For the past several years, the Federal Aviation Association — an agency tasked with allocating and regulating U.S. airspace — has been misusing its power to institute no-fly zones (also known as “temporary flight restrictions”) over mass protests. We first saw this after the 2014 killing of Michael Brown in Ferguson. The FAA responded to requests from the police by implementing a 37-square-mile no-fly zone over the protest areas, blocking aerial media coverage for 12 days.

In 2016 at Standing Rock, the FAA instituted no-fly zones during some of the most violent police crackdowns. The bans extended for miles surrounding the protests, blacking out aerial coverage of the protests. These attempts to prevent reporting about protests and policing violate the First Amendment. We told the FAA in both Ferguson and Standing Rock that they should never collaborate with police to silence the media, and they must consult with tribal leaders before instituting no-fly zones on tribal land. They responded to our demands in a letter in 2017, assuring us that our feedback would inform future TFRs.

Standing Rock Camp

4. Both lawmakers and law enforcement agencies are working to characterize indigenous-led nonviolent movements as domestic terrorism.

Specifically, lawmakers are working to enshrine laws that charge environmental activists with “economic terrorism.” Last legislative session, lawmakers in Washington and North Carolina considered such bills.

The government has associated protest activity with terrorism in other spheres as well. A law enforcement investigation led one of the FBI Joint Terrorism Task Forces to knock on the doors of at least three Standing Rock activists to request interviews without a warrant or subpoena. Law enforcement might be taking cues from its private partners: Leaked documents of the DAPL security firm, which were often shared with police, revealed internal depictions of the NoDAPL movement as a terrorist group, saying they “followed a jihadist insurgency model” and were “an ideologically driven insurgency with a strong religious component.”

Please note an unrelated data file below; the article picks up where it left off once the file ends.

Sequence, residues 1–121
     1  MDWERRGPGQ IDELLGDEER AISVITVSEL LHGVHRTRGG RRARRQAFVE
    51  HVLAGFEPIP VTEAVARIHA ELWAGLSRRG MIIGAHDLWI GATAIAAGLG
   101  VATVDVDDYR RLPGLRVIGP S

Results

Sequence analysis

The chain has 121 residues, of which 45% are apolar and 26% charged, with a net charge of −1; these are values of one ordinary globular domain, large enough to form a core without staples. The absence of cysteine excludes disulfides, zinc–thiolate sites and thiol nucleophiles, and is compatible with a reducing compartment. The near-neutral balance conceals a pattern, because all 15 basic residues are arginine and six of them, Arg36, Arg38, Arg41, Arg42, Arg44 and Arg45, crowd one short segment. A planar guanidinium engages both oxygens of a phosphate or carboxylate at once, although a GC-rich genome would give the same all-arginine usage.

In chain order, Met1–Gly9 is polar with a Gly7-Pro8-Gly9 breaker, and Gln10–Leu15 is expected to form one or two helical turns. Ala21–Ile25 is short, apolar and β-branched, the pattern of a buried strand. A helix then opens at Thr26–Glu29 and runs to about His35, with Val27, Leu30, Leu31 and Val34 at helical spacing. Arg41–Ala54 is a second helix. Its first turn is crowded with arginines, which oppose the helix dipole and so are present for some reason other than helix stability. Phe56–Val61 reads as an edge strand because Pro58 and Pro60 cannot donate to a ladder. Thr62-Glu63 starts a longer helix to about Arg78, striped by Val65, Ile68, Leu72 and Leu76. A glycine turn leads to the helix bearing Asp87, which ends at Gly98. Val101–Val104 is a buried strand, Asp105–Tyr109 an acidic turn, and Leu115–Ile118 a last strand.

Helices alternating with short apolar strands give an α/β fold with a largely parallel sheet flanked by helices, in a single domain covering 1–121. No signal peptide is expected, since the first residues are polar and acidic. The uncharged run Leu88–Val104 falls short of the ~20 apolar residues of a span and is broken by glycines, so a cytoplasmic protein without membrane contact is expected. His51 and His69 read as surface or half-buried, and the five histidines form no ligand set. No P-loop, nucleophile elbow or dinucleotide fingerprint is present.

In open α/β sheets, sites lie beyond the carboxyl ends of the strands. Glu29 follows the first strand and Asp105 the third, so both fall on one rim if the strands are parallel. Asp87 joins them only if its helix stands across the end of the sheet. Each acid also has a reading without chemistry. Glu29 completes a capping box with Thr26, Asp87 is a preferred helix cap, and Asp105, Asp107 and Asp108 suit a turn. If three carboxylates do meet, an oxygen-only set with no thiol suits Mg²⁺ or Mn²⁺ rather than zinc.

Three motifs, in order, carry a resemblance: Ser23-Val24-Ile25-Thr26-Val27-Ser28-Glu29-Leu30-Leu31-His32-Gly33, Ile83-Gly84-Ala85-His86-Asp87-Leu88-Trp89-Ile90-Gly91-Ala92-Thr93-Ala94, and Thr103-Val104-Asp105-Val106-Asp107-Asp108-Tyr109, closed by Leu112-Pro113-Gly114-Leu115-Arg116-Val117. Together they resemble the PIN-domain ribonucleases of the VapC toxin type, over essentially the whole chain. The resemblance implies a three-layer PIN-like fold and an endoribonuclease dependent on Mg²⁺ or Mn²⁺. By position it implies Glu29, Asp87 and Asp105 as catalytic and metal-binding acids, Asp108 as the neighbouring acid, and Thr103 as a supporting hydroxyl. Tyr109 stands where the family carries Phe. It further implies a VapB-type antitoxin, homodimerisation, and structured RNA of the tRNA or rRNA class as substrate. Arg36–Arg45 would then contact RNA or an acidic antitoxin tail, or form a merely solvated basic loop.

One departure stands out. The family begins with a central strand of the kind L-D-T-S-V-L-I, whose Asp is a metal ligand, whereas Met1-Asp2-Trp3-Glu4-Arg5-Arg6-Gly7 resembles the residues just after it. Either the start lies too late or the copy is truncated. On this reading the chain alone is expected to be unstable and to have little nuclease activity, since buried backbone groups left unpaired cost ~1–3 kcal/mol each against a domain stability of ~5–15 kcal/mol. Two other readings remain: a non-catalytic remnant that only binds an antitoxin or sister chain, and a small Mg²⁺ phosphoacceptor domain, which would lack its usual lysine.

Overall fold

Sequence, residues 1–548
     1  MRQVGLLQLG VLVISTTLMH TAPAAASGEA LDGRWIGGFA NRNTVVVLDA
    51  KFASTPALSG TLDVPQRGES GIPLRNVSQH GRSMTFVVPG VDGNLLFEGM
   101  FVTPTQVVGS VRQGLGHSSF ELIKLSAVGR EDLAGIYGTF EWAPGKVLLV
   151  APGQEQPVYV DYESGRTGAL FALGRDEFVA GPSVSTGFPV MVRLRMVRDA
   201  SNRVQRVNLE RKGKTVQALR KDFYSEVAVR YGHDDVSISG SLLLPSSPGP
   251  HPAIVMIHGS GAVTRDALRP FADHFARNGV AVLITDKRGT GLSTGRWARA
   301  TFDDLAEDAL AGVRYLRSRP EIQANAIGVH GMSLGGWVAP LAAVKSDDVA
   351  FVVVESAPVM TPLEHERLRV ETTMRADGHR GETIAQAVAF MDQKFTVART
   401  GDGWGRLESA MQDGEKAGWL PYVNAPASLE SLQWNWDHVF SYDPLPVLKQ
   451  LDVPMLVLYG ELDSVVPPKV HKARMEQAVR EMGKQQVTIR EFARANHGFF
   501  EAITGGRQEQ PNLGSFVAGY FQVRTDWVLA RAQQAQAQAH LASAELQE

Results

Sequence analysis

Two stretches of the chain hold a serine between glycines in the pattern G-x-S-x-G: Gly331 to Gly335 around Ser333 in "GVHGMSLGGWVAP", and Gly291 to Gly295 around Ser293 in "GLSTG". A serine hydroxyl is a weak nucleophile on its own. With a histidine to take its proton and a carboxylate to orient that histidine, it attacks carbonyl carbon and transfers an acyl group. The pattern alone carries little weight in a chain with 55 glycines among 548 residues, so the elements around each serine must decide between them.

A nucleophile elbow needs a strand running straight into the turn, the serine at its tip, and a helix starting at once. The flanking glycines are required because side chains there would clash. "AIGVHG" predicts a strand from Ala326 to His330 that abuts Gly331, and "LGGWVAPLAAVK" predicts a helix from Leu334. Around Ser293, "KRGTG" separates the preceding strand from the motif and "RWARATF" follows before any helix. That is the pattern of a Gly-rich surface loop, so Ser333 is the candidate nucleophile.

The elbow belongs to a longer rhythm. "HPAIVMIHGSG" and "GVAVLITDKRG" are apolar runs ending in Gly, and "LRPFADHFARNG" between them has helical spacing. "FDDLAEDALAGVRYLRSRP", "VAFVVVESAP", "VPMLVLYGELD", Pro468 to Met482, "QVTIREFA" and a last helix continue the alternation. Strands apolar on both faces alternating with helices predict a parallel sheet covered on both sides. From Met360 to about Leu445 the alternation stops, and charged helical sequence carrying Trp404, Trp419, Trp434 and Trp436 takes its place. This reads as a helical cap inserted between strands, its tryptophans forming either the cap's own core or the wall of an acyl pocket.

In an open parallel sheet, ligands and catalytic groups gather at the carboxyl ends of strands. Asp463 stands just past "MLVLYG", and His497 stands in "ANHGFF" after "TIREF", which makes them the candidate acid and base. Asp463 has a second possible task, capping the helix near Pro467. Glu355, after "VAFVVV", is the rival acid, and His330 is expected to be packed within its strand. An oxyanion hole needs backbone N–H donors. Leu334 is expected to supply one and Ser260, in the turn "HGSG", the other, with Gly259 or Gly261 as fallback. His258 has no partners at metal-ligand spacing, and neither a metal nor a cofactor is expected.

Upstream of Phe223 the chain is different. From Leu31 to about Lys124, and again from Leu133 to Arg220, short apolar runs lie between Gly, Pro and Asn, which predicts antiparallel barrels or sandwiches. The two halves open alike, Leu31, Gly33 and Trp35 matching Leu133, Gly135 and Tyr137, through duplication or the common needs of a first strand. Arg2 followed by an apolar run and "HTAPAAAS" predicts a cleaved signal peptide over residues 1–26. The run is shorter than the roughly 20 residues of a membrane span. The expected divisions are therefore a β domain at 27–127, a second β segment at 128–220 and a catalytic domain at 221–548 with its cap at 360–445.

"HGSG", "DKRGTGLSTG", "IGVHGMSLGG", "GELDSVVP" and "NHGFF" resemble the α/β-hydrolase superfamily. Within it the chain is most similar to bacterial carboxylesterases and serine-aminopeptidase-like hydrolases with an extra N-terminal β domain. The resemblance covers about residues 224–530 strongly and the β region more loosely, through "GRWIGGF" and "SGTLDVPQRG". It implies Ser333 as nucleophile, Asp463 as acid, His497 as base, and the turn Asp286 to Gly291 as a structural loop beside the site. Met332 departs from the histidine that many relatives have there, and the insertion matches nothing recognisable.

5. States are passing “ag-gag” bills to criminalize First Amendment-protected undercover investigations of agricultural facilities.

These bills do a range of things to impede investigations. They make it illegal to record conditions at factory farms; to submit photo or video evidence of animal abuse to law enforcement more than 48 hours after acquiring it (thereby hampering long-term research); and to conceal one’s identity in order to secure entry to an agricultural animal facility.

These bills are designed to intimidate journalists and whistleblowers from investigating conditions that threaten food safety or abuse animals. The ACLU has been challenging these laws in the courts — with some success. The ACLU of Idaho won a partial victory in the Ninth Circuit last month, where the court found the state’s attempt to criminalize concealing one’s identity to enter such a facility to be unconstitutional. We hope to see similar results in Iowa, where the ACLU filed suit against an ag-gag law this past October.

6. The government has sought constitutionally protected Facebook activity.

In a case from March 2017, a county prosecutor sought a search warrant for a NoDAPL Facebook group page. We intervened to quash the search warrant, arguing that it violated the First and Fourth Amendments, and Facebook agreed. After withdrawing their first two warrants, the county prosecutor eventually reached out to federal officials who helped the prosecutor gain access to the Facebook page.

Law enforcement organizations and some elected officials no doubt think they can chill speech and suppress dissent through these scare tactics. The Constitution, however, is on the side of the protesters.

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Jenna Bitar

Jenna Bitar is the paralegal with the ACLU’s Speech, Privacy, and Technology Project. Jenna is a 2014 graduate of Hampshire College, where she designed her own concentration in Social and Political Theory, Cultural Studies, and Art. Prior to joining SPT, she was an active student political organizer and activist. She has worked with multiple human rights organizations, such as Amnesty International USA and Global Exchange.